Plan Around Time Zone Differences
I have been working on global teams and projects for the past 15 years. In all of these environments, time zones were a drag on productivity and made scheduling painful. They were also a source of frustration for those who had to dial in at crazy hours because leaders organized meetings around times that were convenient for headquarters, disregarding everybody else's needs.
There are a couple of simple ways to do this better:
Create empathy around time zone differences. Educate employees to figure out the time at their collaborators' location and take it into consideration when scheduling meetings.
Rotate meeting times to make them convenient for people from different locations. Here's a very simple tool I use to figure out the time in different places around the world.
Block collaboration time: Make work hours flexible but block out time when people from all time zones need to be available online. Most of the remote-first companies I interviewed have this time blocked in the middle of the day US time (for example at 12-2:00 pm EST).
Reserve Face to Face Meetings Only For Special Occasions
One CEO told me how upon announcing that his company was going remote and shutting down its office, a senior leader requested to reserve a co-working space for his entire team.
He was not down with the remote program. It could have been an issue of communication or one of old habits die hard.
A co-working space is a great solution for holding group meetings and allowing employees an occasional space to work from, especially if they don't have a designated home office or require special accommodations. Collabora, for example, used a co-working space to host its pre-covid summer internship program because they saw that junior employees needed more attention and didn't work well completely remotely.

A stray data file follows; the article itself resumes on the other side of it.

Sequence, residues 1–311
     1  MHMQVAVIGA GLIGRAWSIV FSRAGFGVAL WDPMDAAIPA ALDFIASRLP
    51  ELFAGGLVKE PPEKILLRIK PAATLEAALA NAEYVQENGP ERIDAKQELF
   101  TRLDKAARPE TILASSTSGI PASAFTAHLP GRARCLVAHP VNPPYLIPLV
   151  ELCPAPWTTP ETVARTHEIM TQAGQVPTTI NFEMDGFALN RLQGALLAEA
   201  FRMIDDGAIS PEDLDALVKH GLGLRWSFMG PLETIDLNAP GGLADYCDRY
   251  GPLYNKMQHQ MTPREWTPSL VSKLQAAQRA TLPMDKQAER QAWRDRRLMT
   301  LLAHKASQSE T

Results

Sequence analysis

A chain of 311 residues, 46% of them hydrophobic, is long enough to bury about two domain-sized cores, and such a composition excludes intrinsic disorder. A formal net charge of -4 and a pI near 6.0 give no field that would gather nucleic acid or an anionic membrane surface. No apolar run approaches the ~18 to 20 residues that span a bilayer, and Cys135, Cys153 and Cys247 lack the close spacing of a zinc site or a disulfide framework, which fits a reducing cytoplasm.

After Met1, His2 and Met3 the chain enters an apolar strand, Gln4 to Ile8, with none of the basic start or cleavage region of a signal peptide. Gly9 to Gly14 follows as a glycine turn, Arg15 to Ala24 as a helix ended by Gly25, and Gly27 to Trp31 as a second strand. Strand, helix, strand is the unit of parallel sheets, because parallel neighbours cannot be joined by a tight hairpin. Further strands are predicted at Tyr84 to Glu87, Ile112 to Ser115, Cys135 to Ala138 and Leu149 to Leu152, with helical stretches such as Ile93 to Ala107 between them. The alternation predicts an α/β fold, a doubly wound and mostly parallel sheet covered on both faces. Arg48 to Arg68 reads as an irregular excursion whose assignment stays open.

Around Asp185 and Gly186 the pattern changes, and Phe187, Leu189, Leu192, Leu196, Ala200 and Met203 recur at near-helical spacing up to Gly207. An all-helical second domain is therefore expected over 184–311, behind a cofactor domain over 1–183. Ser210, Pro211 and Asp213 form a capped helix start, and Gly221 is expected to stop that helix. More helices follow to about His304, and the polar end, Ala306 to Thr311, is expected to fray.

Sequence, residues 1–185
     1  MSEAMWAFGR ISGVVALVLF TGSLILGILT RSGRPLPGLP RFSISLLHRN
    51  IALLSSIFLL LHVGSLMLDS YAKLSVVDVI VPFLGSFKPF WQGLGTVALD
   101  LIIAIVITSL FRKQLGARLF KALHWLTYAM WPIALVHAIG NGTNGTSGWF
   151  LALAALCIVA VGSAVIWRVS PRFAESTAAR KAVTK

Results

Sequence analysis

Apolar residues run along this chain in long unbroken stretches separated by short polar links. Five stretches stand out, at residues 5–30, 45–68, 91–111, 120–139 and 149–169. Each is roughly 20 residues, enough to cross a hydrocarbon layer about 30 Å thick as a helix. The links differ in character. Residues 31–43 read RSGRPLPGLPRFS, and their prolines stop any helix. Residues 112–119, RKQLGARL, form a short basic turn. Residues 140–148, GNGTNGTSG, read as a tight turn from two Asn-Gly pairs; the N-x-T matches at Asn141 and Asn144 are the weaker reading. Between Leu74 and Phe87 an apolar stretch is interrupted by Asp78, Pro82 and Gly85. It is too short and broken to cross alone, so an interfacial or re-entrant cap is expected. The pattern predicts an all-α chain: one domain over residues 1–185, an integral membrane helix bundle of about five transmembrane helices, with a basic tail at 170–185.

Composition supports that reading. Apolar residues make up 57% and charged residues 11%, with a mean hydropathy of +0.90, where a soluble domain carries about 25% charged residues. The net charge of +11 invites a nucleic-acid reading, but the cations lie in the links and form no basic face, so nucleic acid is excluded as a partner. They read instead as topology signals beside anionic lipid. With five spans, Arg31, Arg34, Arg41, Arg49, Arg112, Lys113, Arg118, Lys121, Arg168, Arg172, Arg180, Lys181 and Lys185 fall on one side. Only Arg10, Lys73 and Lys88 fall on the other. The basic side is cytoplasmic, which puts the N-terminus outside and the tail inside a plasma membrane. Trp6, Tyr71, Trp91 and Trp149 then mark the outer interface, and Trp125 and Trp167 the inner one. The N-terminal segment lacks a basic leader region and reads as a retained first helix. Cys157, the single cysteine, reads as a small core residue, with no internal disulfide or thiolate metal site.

Nevertheless, moving the entire team into a co-working would have completely missed the point of having a remote company because it would have created different classes of employees (those that work at the office and those that work from home) instead of one company culture.
Although committed to the remote format, all the startups I interviewed emphasized the importance of occasional meetings in the real world to create a bond, align priorities and solidify working relationships among employees.
Company-wide: Most hold annual or bi-annual company meetings where they spend at least a day doing fun activities together. For example, Expensify takes this to the next level by flying the entire company to work from an international location for three weeks that are peppered with social events. Families are also invited to join during the last week of the trip.
Department/team level: Aside from virtual happy hours and weekly check-ins online, departments and/or teams meet quarterly to revise results, define goals and strategies, and discuss any other work-related issues. A Trello employee shared that over time various team communication issues start to escalate and by the end of the quarter, they really feel the need for a F2F meeting which helps them iron out everything and start afresh.
Running a remote company effectively is not trivial but it's certainly doable with the right leadership behaviors, hiring practices, systems, processes, and rituals.
What strategies have been working for your company?
p.s. want to learn more about How to Have Fun With Your Remote Team? Read the first article in the series about remote work here.